Open Access Mini Review Article ID: AOT-5-115

    It is time to abandon apneic-oxygenation testing for brain death

    James Tibballs*

    The apneic-oxygenation test is an integral part of clinical testing to determine brain death. The medical and legal criticisms of the test are presented together which make a strong argument that it should be abandoned. The requirement for hypercarbia to stimulate spontaneous respiration also causes intra-cranial hypertension and may exacerbate an existing brain injury and as such is a self-fulfilling test. Moreover in children, the onset of spontaneous respiration may commence at levels of blood carbon dioxide in excess of the minimum level used to define brain death. It is thus also unreliable. A number of legal cases in the United States have been adjudicated in favor of plaintiffs seeking to prevent performance of the test on the basis that it causes harm. Physicians have sought to perform the apneic-oxygenation test without consent of legal guardians but have failed. In lieu of the apneic-oxygenation test a brain scan using a lipophilic radionuclide is suggested. Demonstration of absent brain blood flow may be a more stringent test to determine brain death than apneic-oxygenation but is more reliable, less invasive, not harmful and not likely to reduce the rate of organ donation.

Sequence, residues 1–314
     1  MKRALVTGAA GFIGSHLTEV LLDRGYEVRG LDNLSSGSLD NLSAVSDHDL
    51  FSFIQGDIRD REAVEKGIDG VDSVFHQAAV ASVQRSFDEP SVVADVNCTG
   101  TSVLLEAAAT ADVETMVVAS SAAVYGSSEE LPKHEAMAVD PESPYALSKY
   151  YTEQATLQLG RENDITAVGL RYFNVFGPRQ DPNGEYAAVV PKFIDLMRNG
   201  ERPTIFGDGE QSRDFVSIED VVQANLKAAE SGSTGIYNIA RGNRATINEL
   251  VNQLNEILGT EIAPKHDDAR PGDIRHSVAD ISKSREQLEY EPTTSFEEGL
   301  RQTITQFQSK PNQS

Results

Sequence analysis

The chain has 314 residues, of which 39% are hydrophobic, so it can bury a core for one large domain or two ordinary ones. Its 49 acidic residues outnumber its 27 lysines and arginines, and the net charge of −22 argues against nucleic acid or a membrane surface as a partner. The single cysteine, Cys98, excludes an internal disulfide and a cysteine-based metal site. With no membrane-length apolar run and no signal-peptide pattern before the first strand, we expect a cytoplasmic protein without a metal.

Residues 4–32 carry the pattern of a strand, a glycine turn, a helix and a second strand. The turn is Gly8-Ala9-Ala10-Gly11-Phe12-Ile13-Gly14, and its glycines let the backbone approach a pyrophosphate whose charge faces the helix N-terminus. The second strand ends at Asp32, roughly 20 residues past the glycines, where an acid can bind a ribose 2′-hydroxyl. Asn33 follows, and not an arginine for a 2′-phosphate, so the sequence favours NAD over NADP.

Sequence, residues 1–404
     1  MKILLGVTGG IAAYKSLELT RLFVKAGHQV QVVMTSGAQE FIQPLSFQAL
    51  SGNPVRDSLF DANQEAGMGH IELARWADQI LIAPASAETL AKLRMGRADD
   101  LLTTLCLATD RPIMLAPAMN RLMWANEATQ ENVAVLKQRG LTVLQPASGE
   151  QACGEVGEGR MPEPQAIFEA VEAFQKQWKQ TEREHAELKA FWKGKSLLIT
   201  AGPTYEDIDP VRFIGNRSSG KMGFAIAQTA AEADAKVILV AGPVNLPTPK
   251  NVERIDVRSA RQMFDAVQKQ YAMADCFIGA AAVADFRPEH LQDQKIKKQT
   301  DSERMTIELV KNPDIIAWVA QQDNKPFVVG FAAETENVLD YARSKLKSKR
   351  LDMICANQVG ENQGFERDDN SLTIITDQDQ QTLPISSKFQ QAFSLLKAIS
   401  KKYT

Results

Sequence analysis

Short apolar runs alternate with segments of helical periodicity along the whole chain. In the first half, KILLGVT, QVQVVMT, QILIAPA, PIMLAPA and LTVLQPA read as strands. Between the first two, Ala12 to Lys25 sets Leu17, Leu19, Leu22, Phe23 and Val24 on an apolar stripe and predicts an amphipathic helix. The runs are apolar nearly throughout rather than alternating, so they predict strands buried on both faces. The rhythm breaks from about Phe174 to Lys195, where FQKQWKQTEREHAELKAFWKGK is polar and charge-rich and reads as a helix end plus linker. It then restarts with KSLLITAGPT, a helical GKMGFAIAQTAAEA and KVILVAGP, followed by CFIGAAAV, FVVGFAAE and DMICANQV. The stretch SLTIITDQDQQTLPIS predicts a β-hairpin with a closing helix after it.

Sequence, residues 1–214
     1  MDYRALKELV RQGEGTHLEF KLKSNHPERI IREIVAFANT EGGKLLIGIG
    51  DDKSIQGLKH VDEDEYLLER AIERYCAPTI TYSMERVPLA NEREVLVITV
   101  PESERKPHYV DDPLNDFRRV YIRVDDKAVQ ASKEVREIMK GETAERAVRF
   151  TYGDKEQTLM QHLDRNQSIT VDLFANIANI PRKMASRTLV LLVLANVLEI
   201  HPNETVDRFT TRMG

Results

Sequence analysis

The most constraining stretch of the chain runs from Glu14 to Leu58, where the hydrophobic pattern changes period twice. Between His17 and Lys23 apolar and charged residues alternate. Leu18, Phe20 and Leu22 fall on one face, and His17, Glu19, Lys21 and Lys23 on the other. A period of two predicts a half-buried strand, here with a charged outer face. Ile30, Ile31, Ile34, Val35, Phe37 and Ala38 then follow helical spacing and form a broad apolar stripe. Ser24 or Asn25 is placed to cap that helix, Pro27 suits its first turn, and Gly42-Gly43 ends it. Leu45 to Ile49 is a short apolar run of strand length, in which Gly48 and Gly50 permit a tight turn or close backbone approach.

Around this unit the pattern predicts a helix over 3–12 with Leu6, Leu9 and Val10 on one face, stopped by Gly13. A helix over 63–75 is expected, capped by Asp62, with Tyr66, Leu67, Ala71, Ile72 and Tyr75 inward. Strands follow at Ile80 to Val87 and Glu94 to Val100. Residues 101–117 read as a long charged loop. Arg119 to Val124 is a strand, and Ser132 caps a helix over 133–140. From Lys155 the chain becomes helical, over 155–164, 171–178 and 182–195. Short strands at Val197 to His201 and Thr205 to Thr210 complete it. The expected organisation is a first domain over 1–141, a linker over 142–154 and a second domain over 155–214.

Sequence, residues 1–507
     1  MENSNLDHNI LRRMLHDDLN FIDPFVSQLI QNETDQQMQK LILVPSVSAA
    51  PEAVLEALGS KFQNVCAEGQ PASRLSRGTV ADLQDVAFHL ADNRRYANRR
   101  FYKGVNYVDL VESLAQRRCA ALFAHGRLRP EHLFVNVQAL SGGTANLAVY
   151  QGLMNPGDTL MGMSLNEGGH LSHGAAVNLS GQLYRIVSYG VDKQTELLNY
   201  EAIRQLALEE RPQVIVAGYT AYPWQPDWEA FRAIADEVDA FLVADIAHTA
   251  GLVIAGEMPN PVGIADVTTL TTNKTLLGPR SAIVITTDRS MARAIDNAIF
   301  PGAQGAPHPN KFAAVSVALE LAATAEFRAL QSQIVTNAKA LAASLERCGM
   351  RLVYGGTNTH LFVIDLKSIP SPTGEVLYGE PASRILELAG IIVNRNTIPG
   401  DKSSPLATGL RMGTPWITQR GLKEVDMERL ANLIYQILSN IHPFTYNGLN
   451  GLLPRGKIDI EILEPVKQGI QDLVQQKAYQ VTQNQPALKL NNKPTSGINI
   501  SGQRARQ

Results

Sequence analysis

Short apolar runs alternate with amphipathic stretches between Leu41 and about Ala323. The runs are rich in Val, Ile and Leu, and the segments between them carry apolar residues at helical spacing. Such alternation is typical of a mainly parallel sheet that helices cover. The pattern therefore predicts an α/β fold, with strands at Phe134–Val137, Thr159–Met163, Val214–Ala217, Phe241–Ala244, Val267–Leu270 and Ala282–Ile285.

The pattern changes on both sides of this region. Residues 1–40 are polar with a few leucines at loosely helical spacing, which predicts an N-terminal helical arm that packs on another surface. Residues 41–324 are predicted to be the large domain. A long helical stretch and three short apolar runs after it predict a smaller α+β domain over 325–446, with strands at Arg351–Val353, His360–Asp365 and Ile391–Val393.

Published on: Sep 11, 2020 Pages: 6-10

    Full Text PDF Full Text HTML DOI: 10.17352/2640-7973.000015
    CrossMark Publons Harvard Library HOLLIS Search IT Semantic Scholar Get Citation Base Search Scilit OAI-PMH ResearchGate Academic Microsoft GrowKudos Universite de Paris UW Libraries SJSU King Library SJSU King Library NUS Library McGill DET KGL BIBLiOTEK JCU Discovery Universidad De Lima WorldCat VU on WorldCat


    Global Views

    Case Reports

    Peertechz Tweets

    Pinterest on AOT

    Help ? Google Reviews 11